Technical rescue saves Va. cyclist after bridge fall
By Alicia P.Q. Wittmeyer
VIRGINIA BEACH, Va. — The reeds grow thick under the Pungo Ferry Bridge, and the marsh ground underneath them is soft and soggy from recent rain.
Elliott Craddock can be grateful for that.
The 18-year-old cyclist took a tumble off the concrete span Sunday morning, falling what rescuers estimate was 35 to 50 feet to the marsh below. He came out of it with a fractured shoulder blade — and not much more.
"The reeds, the foot of water, the mush underneath — all of that served to break his fall," said the young man 's father, Jeff Craddock. "I am amazed, truly, that he landed where he did."
Firefighters received a call around 8:20 a.m. reporting that a cyclist riding from the Pungo area of Virginia Beach to the Blackwater area had fallen off the bridge.
Elliott Craddock, an experienced bike racer, crossed the bridge often on training rides, his father said.
This time, though, he was riding in a group, and not long after the group crested the bridge, another rider hit Craddock from behind, said Virginia Beach Fire Department Battalion Chief Hedley Austin.
Craddock turned to the right, struck the bridge's concrete barrier and pitched over it.
"One of them just kind of touched the other, and that was it," Austin said. "It happened quickly."
By the time the other riders had stopped and run over to the side of the bridge to look for Craddock, he was back on his feet, telling them he was all right, his father said. He managed to climb up onto one of the bridge's pilings to wait to be rescued.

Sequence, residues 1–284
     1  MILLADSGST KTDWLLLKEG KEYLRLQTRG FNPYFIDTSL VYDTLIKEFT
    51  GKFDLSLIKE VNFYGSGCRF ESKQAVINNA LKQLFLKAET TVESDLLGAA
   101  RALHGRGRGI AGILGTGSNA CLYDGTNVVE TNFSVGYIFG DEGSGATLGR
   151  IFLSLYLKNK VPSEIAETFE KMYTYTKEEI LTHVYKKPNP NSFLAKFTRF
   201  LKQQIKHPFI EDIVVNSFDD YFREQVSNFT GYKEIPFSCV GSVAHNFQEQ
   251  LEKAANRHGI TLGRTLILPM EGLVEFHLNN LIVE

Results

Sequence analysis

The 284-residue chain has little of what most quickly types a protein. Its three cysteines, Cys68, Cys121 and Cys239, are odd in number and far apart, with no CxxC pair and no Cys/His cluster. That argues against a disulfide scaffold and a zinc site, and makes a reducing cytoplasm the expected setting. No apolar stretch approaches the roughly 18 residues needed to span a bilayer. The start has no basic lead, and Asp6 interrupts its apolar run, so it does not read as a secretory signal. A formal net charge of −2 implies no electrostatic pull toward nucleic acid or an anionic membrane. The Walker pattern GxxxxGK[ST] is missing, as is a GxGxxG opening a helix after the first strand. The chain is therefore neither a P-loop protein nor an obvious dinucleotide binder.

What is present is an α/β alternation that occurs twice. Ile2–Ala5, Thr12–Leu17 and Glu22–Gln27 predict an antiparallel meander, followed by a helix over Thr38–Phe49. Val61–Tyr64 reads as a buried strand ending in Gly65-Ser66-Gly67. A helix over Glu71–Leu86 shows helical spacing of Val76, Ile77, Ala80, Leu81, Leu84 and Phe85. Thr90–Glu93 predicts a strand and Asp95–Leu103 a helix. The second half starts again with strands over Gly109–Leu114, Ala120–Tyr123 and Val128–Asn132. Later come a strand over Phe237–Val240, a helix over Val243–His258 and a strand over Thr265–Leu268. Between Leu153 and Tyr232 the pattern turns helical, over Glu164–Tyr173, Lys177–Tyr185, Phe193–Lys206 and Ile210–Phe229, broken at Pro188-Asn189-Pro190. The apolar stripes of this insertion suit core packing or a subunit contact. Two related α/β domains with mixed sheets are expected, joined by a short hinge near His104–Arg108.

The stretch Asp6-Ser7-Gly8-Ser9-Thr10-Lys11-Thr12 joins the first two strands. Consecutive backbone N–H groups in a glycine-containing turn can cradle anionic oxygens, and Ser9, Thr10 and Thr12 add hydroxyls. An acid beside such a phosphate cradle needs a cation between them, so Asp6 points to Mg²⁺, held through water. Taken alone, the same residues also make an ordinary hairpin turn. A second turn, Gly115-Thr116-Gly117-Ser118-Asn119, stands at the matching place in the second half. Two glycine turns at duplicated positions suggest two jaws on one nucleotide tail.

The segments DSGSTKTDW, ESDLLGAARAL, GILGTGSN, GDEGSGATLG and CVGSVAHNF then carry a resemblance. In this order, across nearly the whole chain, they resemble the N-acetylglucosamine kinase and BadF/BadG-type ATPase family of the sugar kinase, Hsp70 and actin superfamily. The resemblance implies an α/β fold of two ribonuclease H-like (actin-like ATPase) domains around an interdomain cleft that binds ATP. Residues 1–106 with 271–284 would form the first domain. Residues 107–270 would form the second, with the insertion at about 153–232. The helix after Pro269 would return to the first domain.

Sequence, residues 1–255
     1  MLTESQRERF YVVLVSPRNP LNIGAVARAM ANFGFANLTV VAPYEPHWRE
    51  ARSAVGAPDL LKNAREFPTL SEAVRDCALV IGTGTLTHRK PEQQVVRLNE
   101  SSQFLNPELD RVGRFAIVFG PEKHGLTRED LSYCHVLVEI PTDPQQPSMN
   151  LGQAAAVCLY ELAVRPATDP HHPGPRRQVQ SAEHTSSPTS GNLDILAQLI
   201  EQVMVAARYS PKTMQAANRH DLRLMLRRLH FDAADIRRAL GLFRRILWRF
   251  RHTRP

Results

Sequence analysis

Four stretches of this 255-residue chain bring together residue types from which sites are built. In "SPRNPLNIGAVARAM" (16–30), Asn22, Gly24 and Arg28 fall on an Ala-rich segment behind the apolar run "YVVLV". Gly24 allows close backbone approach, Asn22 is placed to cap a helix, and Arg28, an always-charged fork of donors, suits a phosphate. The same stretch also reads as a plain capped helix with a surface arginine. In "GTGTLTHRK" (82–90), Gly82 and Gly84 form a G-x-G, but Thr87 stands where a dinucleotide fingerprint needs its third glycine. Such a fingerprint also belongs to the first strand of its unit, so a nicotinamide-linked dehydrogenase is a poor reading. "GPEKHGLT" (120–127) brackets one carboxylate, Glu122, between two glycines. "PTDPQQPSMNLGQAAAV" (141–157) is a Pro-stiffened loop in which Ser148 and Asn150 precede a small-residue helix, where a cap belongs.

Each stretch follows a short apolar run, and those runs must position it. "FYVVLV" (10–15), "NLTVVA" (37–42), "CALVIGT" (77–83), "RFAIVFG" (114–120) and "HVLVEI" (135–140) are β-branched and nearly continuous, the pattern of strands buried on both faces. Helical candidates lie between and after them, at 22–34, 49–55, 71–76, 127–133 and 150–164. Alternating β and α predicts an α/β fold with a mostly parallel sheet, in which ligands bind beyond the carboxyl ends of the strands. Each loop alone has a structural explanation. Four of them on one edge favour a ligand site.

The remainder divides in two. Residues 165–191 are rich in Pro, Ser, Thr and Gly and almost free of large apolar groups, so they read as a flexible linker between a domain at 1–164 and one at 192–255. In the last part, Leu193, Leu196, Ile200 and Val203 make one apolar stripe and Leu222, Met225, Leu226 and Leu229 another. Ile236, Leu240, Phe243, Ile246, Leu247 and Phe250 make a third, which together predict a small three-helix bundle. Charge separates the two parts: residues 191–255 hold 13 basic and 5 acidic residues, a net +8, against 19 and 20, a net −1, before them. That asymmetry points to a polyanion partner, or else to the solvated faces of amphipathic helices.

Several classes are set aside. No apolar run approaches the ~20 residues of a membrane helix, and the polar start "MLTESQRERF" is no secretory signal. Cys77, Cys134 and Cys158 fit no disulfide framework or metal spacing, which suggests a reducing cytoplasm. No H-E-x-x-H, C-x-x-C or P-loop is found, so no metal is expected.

Firefighters rappelled down, administered care, then strapped Craddock into a harness and lifted him back up using one of their truck's cranes. He was taken to Sentara Virginia Beach General Hospital for treatment.
There was an indent in the ground more than half a foot deep to mark the spot where Craddock landed, Austin said.
Jeff Craddock said his son had a headache, probably from a mild concussion; was covered in cuts and scratches from landing in the reeds; and was sore from his body tensing up as he flew through the air.
But other than that, "he's pretty much fine," he said. The rescue workers, he said, "were just amazing."
Austin said firefighters often train for "technical rescues" — rescues in unusual locations or circumstances — but executing them is rare.
"It's a procedure you practice day in and day out so that when it happens, hey, you're ready," he said.
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